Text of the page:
SHANGHAI – 200 automotive executives from around the world gathered in Shanghai on April 25-26 to discuss opportunities and challenges for OEMs and suppliers as China’s expanding automobile market faces the unavoidable future of consolidation.
The 21 senior auto-motive executives, government officials and industry professionals who spoke at the two-day 2005 President’s Forum/CBU’s 10th annual international conference, reviewed the history of M&As, the most recent developments and future market trends in China’s automobile market.
For state-owned and multi-national OEMs, many believe that joint venturing is still the dominant form of M&As in China. In his keynote address, Dongfeng Motor’s president Miao Wei, who together with Carlos Ghosn of Nissan personally tailored China’s largest joint venture deal, believed that “Joint venturing has been the trend of the time. For any joint venture to succeed,” he said, “maximizing the JV profit should be the highest principle for the partners.” Mei Wei Cheng, Ford (China) chairman and CEO said, “In increasing likelihood, M&As in China will take the form of JVs and equity cross holdings.” By equity cross holdings, Cheng refers to the recent successful acquisition of Jiangling by Chang’an-Ford and their joint expansion into a new assembly facility in Nanjing.
Several government officials and industry analysts shared the view that M&A is not something that can be realized by the government through administrative means. Veteran automotive executive and analyst Rao Da reviewed China’s fi rst four major M&As by order of the government and concluded,”There has never been a real case of a successful M&A of any large automobile enterprises.” Gao Shangquan, Director of the China Institute of Economic Reform added, “Government tailored M&As may not work.”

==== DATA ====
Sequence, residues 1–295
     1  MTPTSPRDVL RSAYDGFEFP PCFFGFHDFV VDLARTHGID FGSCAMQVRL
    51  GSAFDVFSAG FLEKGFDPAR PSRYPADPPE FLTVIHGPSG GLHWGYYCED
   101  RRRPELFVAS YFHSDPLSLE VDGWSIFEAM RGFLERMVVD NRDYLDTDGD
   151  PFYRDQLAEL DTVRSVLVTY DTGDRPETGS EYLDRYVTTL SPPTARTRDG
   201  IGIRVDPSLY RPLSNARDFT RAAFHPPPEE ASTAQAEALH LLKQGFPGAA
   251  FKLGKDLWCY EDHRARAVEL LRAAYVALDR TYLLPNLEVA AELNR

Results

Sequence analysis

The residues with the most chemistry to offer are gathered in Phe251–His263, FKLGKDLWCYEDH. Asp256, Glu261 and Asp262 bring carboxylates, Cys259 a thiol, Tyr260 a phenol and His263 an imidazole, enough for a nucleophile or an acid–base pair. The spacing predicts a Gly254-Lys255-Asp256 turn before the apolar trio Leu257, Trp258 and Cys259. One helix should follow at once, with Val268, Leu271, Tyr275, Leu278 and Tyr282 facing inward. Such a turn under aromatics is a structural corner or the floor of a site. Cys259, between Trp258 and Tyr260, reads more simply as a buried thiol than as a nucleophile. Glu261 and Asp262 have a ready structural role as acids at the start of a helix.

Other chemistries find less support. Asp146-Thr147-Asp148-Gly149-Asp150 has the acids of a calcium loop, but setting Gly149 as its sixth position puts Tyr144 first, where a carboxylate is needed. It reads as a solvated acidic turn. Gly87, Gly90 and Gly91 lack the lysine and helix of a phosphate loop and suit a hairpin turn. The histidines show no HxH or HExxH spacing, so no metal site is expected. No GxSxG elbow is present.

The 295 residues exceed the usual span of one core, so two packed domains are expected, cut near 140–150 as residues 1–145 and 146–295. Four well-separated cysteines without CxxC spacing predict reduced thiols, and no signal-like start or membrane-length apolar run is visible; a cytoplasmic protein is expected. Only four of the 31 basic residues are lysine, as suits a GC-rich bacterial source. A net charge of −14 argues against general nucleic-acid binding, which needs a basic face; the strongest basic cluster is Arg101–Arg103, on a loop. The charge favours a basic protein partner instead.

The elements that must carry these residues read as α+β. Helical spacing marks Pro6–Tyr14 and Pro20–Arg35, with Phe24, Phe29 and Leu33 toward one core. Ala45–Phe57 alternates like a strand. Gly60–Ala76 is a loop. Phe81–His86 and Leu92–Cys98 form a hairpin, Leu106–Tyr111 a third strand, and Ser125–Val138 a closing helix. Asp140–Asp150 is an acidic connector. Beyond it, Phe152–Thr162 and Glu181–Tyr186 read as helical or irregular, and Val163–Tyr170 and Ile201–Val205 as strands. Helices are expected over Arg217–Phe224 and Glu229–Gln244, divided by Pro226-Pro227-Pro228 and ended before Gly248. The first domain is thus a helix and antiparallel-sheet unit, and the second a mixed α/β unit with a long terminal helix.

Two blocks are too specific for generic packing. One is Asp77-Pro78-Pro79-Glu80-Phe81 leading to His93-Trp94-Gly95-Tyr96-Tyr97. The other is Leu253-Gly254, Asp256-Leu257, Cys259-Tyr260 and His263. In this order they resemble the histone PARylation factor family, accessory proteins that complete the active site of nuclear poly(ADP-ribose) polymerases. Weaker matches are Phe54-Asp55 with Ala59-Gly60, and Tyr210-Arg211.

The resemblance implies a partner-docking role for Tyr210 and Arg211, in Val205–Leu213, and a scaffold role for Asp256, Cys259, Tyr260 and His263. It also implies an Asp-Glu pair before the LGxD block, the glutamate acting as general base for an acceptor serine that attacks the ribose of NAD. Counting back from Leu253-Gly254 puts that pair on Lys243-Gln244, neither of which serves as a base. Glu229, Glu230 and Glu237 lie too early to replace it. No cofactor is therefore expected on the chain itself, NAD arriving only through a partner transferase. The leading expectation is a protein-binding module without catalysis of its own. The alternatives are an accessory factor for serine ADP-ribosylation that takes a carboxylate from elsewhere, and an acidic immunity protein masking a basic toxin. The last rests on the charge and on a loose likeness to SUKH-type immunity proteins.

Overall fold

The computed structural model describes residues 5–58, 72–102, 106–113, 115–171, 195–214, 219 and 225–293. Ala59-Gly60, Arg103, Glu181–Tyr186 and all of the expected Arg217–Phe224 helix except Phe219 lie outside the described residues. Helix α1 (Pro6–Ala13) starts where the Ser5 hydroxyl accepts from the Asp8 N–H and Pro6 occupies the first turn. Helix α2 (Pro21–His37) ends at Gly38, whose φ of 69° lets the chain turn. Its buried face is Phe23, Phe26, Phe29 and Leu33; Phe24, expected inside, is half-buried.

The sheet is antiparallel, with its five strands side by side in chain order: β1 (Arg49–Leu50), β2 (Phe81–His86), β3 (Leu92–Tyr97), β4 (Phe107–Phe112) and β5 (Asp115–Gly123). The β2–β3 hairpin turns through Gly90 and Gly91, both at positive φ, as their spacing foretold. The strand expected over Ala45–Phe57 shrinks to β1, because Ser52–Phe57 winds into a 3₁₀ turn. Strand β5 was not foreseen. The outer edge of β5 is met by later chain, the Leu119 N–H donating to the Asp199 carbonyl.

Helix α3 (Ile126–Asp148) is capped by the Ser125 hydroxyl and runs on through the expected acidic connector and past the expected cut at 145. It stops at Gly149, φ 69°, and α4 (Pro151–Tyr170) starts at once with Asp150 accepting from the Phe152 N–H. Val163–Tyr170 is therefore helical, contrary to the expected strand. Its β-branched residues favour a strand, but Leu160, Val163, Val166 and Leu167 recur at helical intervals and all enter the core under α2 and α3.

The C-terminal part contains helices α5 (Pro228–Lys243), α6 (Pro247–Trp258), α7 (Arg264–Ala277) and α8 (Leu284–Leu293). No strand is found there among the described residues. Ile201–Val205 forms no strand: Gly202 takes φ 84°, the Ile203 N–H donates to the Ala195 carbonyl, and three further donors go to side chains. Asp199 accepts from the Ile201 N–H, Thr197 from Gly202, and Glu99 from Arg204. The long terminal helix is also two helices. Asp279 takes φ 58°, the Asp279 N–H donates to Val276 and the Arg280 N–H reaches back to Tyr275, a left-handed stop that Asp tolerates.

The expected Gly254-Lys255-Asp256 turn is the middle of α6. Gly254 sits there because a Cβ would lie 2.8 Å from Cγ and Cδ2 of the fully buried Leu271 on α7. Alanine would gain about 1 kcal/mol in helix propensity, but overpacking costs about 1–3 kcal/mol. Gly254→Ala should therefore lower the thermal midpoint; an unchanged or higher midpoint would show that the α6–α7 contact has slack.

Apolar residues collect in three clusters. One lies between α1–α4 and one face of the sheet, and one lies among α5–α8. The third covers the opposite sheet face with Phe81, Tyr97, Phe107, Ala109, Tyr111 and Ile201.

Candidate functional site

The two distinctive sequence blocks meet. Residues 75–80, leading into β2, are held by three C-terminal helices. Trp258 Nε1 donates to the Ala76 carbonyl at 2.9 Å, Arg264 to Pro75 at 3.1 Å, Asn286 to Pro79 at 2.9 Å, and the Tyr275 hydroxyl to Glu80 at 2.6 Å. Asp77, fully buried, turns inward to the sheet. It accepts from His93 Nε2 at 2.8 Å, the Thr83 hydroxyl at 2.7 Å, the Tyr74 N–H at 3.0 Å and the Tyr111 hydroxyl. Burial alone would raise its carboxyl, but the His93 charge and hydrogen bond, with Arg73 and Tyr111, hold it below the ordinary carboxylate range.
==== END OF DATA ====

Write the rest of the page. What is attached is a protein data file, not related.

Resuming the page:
Several speakers agreed that successful M&As in China will come when the market is fully open. Huang Yonghe, director of Automotive Policy Research under the China Automotive Technology and Research Center, reviewed a recent government study, which concluded that the goal of government policy should be to, “Encourage market-based competition.” Professor Zhang Huiming from Fudan University believed that China’s automobile industry should welcome the entry of private capital, “Because competition is not adequate.”
Even more so than OEMs, first-tier suppliers already feel the competition. “Supplier consolidation in China appears to be unavoidable,” said Alain Charlois, vice president of TRW Asia-Pacific. “Profi ts will be hard to come by in the future,” warned Steve Rodgers, vice president of Magna International, “get ready for OE shakeout and consolidation.”
But most OEMs are upbeat about the outcome of future M&As in China, even for new,
privately owned assemblers. Xu Gang of Shanghai Maple, a subsidiary of the private Geely
Group, wanted his company to,”First survive and then grow.” BYD, which acquired a stateowned car assembler and a mold manufacturer, is bullish on the subject of its future because of its R&D capability. “M&As are difficult and costly operations,” said J. C. Germain, president of PSA Peugeot-Citroën China, “but potentially rewarding.”